MedMen taking Miami Beach to court over cannabis dispensary regulations

Back to Article
Back to Article

MedMen taking Miami Beach to court over cannabis dispensary regulations

Bethan Rose Jenkins, Cannabis News Writer/Editorial

Hang on for a minute...we're trying to find some more stories you might like.


Email This Story






MedMen is making the cannabis news headlines once again for yet another lawsuit. The multi-state cannabis operator is suing Miami Beach, Florida.

Why? Because MedMen affirms that a local regulation violates the law.

Based on a recent report by the Miami Herald, the cannabis company is filing a lawsuit in Miami-Dade Circuit Court. It challenges an ordinance that was passed last month by the Miami-Dade Circuit Court requiring dispensaries to have 1,200 feet of space separating them. This amounts to around one dispensary ever four blocks.

Law previously limited dispensaries to four segments of the city

Moreover, they had to be positioned at least 500 feet from schools.

This rule meant that dispensaries were limited to just seven in the Miami Beach area, based on MedMen’s calculations. Local governments are requested to either apply the same restrictions to dispensaries that they do pharmacies or ban medical cannabis dispensaries completely. They are not allowed to select a specific number.

A new ordinance was given the thumbs up last month to allow existing pharmacies to be grandfathered in, according to a report from the Herald  However, the ordinance limited the number of areas in the city where pharmacies and dispensaries could be built to just four.

Spokesman for MedMen Daniel Yi spoke to the newspaper about the new ordinance, stating that it had been enacted after the company had started work developing and launching a dispensary in Miami Beach. Their work had involved signing a 10-year lease and renovating to the amount of $1.2 million.

However, Yi said that the company’s final permit was rejected due to the dispensary being situated within 100 feet of another dispensary.

MedMen CEO accused of being sexist, racist and homophobic

https://myemail.constantcontact.com/MedMen-New-York-Gets-New-Products.html?soid=1110672654973&aid=oIDMLTCO4SE&utm_content=buffer3dd48&utm_medium=social&utm_source=twitter.com&utm_campaign=buffer

(Pictured) Former CFO of MedMen, James Parker

The former chief financial officer of MedMen Enterprises, James Parker, claimed that CEO Adam Bierman often used funds from the company to pay for:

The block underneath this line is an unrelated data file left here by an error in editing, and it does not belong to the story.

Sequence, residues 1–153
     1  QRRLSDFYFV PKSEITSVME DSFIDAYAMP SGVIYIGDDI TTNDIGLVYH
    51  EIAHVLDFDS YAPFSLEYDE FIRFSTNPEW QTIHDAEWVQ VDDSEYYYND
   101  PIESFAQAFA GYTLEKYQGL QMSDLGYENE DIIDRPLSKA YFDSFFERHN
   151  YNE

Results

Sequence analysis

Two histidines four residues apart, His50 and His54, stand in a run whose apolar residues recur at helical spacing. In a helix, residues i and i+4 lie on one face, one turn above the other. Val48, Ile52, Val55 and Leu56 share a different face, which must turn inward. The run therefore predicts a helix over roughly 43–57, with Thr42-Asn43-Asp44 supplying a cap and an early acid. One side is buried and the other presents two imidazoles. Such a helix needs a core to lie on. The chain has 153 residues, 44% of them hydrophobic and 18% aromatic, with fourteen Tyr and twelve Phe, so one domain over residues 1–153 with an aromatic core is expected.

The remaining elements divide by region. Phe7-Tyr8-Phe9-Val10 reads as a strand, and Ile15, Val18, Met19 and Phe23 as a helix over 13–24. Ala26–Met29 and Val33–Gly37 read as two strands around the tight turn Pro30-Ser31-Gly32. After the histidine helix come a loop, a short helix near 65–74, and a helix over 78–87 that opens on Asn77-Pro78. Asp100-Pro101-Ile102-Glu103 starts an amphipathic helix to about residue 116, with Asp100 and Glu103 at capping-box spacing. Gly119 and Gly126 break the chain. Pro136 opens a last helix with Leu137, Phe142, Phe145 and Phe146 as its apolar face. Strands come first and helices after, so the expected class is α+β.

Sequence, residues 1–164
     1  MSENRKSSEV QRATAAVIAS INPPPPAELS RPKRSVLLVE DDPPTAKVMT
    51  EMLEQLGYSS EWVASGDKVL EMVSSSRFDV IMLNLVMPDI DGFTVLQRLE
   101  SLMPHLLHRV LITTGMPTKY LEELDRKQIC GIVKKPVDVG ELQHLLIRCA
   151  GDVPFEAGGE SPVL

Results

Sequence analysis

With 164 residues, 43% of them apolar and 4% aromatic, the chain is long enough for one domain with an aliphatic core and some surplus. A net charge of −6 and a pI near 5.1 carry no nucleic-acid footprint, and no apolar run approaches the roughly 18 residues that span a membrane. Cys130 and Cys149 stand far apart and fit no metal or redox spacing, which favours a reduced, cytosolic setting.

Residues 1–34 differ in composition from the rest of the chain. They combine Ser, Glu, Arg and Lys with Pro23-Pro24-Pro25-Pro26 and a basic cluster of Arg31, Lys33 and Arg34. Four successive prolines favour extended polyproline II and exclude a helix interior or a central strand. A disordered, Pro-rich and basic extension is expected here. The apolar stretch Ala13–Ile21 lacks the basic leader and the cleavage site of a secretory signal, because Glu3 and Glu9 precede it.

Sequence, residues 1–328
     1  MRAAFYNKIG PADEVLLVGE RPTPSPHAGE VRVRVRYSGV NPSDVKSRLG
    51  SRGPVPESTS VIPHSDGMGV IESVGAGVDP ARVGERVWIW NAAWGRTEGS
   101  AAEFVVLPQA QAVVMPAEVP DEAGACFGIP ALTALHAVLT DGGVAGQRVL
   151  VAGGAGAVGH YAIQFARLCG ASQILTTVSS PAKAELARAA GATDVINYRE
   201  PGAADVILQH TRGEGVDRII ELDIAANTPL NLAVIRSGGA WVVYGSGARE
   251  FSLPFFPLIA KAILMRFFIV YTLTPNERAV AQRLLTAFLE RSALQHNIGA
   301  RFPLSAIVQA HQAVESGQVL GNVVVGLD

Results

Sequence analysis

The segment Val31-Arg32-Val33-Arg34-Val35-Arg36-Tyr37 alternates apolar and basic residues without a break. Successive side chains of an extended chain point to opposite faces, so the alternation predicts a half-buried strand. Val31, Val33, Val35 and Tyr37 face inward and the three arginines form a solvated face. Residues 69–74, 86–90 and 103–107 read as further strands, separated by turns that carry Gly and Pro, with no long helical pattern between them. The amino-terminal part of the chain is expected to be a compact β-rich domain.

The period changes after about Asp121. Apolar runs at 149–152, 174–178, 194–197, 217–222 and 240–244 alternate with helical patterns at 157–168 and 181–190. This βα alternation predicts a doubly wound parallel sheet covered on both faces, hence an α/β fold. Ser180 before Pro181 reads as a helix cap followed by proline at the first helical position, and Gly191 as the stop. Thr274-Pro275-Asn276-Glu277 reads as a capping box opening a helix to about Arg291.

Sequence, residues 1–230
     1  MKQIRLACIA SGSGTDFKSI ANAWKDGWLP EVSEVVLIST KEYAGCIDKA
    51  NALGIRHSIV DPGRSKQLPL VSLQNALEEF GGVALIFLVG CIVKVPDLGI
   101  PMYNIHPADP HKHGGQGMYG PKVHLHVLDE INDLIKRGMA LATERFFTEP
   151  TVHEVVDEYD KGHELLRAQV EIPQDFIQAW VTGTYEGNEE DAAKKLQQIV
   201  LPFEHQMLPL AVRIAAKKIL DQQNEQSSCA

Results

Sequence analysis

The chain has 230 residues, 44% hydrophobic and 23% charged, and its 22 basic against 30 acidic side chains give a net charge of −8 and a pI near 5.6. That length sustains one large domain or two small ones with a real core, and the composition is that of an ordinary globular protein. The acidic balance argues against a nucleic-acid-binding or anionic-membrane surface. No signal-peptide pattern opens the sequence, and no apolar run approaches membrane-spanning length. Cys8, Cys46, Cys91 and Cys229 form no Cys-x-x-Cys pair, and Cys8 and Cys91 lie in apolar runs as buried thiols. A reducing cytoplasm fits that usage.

“24-hour armed guards for the founders and their families; private jets; special-order pearl-white Cadillac Escalades for Bierman and a custom Tesla SUV for (Andrew) Modlin (the company’s co-founder and president.) The company allegedly hired Bierman’s personal therapist and marriage counselor as a full-time ‘performance improvement expert,” at more than $300,000 a year.”

Parker goes on to say that Bierman used MedMen as a “piggy bank” and for this reason, among many others, he is suing the company for downgrading him and firing him in November last year.

Parker resigned from the company in November; less than a year after the company started trading on the Canadian Securities Exchange with a reverse takeover.

Examples of the misbehavior Parker accuses CEO Adam Bierman of partaking in include racist, sexist and homophobic slurs. Bierman has also been accused of financial improprieties.

MedMen has fiercely denied Parker’s claims

http://www.crainsnewyork.com/article/20170201/HEALTH_CARE/170209989/queens-cannabis-company-bloomfield-industries-to-move-upstate-after-being-acquired-following-a-period-of-poor-management-and-complaints-from-customers

(Pictured) MedMen co-founder and CEO, Adam Bierman

“James Parker worked at MedMen for less than a year and half, before resigning his employment in November 2018,” said the company spokesman, Daniel Yi. “He has now filed a baseless wrongful termination lawsuit for his own personal financial gain. MedMen will vigorously defend itself in court.”

The allegations are pretty harsh, with Parker claiming he was forced to “choose between complying with his fiduciary duty to the company and its shareholders or turning a blind eye and a deaf ear to improper and unlawful behavior, he had been constructively and wrongfully terminated without cause and in violation of public policy.”

Parker went on to make further claims about MedMen, stating that the company went behind his back in finding a CFO to replace him. This, he says, diminished his authority within the company. Parker also divulged how the company directed him to make questionable payments.